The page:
On the way downtown to UTSA.  This was well into the digital zoom end of the camera but looked much better than what my screen suggested initially.

A longer lens would have given some amazing high contrast images.   Riding into the sunset seems heroic until some you realize some half-blind grandpa behind you probably can't see anything as he inches near your rear wheel.

In the Durango Building at UTSA downtown, Leslie Raymond was showing a variety of short films and videos for a class, which was open to the public.  Here, in the background, a young, lively, intellectual 26 year old Orson Welles tries to act old, rich, and beaten down.

Here, a leathery, old, rich, and beaten down Donald Trump tries to act young, intellectual, and lively.  Though his blinking eyes were the initial distraction in this interview, really, it was the rug that seemed to have reanimated into a life of its own.

This short Trump clip was from a documentary by Errol Morris.  I don't recall this film debuting yet, but it could have already come out and I wouldn't have noticed.  Why?  Morris has been on auto-pilot since Fast, Cheap, and Out of Control.  His aesthetic is so codified now it almost is ready for parody.  That is a bit of a stretch I realize but when one compares his early work, for example, the documentary about pet cemetaries, there was much more freedom and unpredictability.  Now, its Phillip Glass all the time.  And, after a clever manipulation of teleprompter technology he has his subjects talk straight into a camera/teleprompter.  What Trump is looking at as he looks at the teleprompter/camera is an image of Morris as he interviews him.  This mediated form of interaction, I suppose, makes it easier for Morris because he doesn't have to sit in the same room with his subject, and it allows the subject to look straight in the camera which of course breaks rule #3 of film school, but other than this I don't see how that form of interaction benefits the film.  All his films now seem to go with this style, and I don't know, it seems like Morris is settling on an approach and is getting lazy.  That's not to say the films aren't still better than most, but there is a an element of predictability creaping in.   Also, on a psychological level, Morris seems to be on a roll of interviewing known but respected clowns and then through the glamorizing process of filmmaking, actually suggest a level of credibility.  Dr. Death, McNamara, Trump...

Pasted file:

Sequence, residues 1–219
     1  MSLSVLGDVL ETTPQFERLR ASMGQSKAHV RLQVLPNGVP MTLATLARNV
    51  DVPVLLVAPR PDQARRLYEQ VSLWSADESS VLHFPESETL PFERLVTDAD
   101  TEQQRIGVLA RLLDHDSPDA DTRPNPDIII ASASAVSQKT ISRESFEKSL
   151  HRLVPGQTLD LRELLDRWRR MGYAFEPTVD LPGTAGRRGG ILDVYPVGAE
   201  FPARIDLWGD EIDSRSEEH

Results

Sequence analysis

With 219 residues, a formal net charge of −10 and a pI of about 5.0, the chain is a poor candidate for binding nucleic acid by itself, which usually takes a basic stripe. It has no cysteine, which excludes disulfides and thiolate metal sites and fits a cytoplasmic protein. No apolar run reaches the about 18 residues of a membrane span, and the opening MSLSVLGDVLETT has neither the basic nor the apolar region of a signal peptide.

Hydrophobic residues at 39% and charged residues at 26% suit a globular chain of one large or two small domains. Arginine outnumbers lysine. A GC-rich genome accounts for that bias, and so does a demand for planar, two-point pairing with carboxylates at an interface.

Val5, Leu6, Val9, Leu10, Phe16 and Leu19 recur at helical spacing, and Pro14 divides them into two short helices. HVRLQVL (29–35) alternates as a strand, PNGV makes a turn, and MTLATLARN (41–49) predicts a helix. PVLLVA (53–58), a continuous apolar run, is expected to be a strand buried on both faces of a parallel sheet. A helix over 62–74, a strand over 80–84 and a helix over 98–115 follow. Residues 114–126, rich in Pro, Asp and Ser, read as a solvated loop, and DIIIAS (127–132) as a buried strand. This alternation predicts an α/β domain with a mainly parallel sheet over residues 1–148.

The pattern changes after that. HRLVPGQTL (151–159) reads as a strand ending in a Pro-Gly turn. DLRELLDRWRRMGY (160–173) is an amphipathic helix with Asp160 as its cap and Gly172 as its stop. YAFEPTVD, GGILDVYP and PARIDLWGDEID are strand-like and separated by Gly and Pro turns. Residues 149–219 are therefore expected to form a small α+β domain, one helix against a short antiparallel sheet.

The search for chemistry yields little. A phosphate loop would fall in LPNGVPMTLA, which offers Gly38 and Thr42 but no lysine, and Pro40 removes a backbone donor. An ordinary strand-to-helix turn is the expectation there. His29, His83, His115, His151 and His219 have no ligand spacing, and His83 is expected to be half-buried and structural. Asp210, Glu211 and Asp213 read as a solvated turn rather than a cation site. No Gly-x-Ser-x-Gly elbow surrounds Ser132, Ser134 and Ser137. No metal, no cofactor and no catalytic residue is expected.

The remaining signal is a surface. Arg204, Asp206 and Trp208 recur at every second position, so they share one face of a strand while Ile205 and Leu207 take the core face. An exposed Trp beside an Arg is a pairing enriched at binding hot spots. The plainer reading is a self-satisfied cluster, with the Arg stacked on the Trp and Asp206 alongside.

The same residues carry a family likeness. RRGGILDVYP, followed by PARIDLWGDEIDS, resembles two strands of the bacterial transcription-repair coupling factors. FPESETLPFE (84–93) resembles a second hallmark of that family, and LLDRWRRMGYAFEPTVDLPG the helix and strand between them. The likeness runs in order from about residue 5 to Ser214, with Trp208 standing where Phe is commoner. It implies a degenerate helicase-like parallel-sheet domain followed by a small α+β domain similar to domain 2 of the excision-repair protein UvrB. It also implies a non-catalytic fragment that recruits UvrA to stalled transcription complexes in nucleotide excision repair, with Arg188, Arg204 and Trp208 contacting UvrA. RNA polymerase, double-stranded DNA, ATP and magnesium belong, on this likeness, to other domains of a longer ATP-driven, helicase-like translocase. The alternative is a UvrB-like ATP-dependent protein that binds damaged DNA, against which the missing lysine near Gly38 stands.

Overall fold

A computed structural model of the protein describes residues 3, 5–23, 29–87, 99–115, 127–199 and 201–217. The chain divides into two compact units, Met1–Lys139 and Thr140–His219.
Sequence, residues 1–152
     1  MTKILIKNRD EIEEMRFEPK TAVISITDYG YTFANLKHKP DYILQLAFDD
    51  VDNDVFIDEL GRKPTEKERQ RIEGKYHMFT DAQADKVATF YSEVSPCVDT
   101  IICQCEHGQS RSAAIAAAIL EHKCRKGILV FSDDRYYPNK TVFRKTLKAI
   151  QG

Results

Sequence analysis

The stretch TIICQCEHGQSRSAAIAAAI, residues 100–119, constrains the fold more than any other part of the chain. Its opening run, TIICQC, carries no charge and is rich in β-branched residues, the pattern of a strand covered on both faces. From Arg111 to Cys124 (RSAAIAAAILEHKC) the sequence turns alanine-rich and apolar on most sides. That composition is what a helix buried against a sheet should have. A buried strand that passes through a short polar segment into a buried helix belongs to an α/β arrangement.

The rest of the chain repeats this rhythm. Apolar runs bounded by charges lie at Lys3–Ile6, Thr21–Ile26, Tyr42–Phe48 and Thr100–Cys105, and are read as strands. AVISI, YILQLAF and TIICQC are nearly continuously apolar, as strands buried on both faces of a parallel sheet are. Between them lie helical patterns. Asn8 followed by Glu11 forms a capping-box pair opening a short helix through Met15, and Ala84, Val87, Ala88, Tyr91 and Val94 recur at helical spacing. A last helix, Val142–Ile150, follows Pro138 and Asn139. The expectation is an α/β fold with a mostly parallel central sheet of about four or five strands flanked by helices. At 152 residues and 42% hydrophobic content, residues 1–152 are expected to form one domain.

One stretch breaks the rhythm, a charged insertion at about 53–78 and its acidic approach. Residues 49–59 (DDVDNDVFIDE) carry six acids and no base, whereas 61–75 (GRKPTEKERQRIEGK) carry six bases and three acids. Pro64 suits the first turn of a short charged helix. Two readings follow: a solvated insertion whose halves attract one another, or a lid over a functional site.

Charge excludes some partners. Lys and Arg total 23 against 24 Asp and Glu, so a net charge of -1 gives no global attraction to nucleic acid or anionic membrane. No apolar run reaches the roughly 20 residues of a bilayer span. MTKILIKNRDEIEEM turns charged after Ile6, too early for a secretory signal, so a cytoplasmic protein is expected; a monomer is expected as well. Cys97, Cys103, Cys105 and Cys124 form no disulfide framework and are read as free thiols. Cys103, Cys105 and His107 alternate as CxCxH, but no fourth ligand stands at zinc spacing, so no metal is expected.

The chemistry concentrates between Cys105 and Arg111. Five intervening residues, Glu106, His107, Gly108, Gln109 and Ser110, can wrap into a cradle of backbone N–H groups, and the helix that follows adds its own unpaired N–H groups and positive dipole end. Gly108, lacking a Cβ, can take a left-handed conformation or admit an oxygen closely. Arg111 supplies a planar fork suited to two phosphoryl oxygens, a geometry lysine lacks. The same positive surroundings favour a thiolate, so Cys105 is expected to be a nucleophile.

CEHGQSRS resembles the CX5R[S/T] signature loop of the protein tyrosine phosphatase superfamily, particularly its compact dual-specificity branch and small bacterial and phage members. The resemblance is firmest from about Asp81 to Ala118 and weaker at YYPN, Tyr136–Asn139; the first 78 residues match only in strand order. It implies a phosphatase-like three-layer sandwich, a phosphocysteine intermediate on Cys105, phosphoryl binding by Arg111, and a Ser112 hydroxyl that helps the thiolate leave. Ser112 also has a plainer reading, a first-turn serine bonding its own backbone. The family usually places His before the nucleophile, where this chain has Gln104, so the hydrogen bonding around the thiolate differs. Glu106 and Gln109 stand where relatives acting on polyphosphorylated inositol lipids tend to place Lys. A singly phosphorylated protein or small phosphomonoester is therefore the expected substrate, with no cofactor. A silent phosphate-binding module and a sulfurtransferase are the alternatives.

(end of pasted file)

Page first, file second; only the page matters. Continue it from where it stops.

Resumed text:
The best film of the night was by Deborah Stratman called In Order Not to Be Here.  Though many of these sort of images had been done before (probably completely by at least 1997 when the suburban frontier was probably fully documented and conquered?/a new Turner thesis?) and it did seem like Jem Cohen light, the execution was impeccable.

I had to pass on dinner and road home via bike.  Of course I got a flat tire, which I privately blamed on a bike mechanic who over-inflated my tires.  This inspired me to bring a flat kit with me from now on, but wouldn't that take away the exciting element of disaster?  (An antidote to the late Summer doldrums oppressing the city, or is it just me?)  Some say repeating past mistakes is a definition of insanity.  I thought it was a sign of one's humanity.  These and other issues to be debated later...

And so goes another week on the streets of San Antonio.  As always, to be continued...